CAMOUFLAGE Hiding in Plain Sight August 5–October 14, 2016 A Project of the Sun Valley Center for the Arts E x hibition, Ke tchum Dazzle camouflage, often called “razzle dazzle” in the United States, was a system of high-contrast geometric patterning applied to ships as disruptive camouflage. Unlike most camouflage, dazzle was not meant to conceal or hide ships from view through enemy periscopes. Rather, dazzle was intended to confuse the eye, making it difficult to ascertain a ship’s direction, speed or size, and therefore challenging to accurately hit it with a torpedo. The invention of dazzle is largely credited to ­British marine artist Norman Wilkinson. ­Wilkinson was put in charge of a unit of camoufleurs, ­including the Vorticist painter Edward ­Wadsworth and numerous other artists, both men and women, who designed unique patterns for more than 4,000 merchant ships and 400 naval ships. Made at a time when artists working in various modernist styles—Cubism, Futurism, Vorticism, Suprematism—were all experimenting with sophisticated compositions based on geometric planes of color, the ships appeared to be the product of an extremely avant-garde sensibility and resembled enormous works of modernist art. Among those responsible for dazzle camouflage in the United States was Maurice L. Freedman, camoufleur for the 4th District of the U.S. Shipping Board, Emergency Fleet Corporation. Freedman received dazzle plans from the Navy, adjusted or revised them, and hired painters to apply them to ships. Following the war, he attended RISD and later donated 455 dazzle plans along with photographs and other ephemera to RISD’s Fleet Library. Using a selection of dazzle plans from ­Freedman’s archive at RISD, as well as work by five contemporary artists, this exhibition considers a unique moment in military history. Thomas Bangsted has made a series of meticulously crafted photographs of ships featuring dazzle patterns. Bangsted documented ships still remaining from the naval fleets of World War I and World War II. He then photographed and restored them to their earlier dazzled state by recreating original patterns he tracked down in archives. Two of the photographs feature Mike, a Michigan boat builder who makes rowboats using techniques dating to the beginning of the 20th century.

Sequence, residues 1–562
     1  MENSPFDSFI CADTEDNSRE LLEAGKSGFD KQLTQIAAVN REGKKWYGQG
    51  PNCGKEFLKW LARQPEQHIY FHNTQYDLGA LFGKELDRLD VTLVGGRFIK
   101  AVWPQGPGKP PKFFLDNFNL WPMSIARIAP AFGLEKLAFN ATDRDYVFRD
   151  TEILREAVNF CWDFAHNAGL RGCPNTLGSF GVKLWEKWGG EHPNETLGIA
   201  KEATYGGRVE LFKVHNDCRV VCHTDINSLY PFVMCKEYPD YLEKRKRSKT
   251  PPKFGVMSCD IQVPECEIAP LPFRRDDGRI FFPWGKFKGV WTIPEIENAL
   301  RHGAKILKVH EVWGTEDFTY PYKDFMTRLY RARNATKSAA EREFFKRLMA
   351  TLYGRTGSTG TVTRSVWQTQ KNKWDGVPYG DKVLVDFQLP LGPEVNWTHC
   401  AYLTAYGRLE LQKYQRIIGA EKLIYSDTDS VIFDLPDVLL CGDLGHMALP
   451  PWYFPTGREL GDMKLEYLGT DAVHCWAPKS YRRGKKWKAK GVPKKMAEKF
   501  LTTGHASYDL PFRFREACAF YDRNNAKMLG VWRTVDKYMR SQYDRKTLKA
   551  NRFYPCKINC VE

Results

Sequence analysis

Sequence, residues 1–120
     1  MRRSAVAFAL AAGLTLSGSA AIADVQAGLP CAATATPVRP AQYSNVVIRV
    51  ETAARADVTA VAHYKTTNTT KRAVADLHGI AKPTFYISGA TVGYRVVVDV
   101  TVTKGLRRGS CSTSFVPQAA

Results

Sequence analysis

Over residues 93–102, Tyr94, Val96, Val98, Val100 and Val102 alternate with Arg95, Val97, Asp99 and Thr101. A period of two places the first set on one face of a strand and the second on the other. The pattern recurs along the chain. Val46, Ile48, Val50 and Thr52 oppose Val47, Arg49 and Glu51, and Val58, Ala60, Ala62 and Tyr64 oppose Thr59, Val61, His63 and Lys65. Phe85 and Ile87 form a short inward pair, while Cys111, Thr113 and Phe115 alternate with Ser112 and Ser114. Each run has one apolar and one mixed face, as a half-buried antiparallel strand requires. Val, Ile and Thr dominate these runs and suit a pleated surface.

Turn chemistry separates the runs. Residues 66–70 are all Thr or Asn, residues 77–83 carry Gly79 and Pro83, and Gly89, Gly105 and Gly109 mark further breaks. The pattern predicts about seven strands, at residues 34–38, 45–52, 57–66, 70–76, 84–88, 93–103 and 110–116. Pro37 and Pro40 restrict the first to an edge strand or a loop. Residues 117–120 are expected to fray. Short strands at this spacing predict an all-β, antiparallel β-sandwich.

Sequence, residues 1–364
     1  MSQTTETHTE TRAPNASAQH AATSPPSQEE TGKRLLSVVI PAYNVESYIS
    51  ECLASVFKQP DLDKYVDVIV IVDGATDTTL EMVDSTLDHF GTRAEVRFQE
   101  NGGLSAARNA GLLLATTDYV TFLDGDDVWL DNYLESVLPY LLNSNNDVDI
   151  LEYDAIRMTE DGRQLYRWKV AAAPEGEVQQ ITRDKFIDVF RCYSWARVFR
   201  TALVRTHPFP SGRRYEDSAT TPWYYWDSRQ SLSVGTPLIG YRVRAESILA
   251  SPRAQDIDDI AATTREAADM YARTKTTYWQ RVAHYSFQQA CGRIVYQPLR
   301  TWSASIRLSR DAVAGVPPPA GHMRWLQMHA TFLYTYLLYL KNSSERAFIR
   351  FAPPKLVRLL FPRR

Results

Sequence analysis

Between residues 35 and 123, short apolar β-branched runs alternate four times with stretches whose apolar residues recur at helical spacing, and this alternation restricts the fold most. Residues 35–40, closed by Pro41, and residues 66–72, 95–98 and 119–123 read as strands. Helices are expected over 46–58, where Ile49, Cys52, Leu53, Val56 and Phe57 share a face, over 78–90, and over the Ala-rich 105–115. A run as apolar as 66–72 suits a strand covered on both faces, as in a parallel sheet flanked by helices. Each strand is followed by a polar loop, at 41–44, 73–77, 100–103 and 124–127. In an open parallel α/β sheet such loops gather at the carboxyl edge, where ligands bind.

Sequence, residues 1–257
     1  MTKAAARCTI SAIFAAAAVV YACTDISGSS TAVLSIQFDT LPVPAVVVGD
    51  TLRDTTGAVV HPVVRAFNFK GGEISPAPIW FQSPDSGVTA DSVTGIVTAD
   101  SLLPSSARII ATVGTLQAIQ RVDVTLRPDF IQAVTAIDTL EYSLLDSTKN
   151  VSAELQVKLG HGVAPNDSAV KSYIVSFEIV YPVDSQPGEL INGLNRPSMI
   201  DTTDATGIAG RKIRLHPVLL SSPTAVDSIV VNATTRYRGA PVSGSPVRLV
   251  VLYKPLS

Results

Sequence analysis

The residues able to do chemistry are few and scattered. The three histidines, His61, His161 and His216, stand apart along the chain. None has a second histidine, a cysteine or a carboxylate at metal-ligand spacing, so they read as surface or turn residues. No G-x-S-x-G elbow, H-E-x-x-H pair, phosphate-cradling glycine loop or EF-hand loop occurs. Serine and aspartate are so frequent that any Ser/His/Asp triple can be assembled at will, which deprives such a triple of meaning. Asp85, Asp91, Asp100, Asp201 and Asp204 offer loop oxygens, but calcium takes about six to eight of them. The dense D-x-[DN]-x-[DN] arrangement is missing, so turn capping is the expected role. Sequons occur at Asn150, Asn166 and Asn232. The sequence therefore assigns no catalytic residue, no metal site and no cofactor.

Fiber artist Liz Collins is designing a dazzle room for the exhibition, featuring wallpaper, textiles, framed pieces and a dazzle rug. She was drawn to dazzle camouflage after reading Lynda Barry’s novel Cruddy, in which a character dresses in a “cacophony of bad prints” to try to erase herself from the gaze of others. Collins writes, “I love that idea because it doesn’t really work. So there’s something that is about getting the viewer’s attention in a brash offensive way, and seducing them at the same time through vibrational hypnosis.”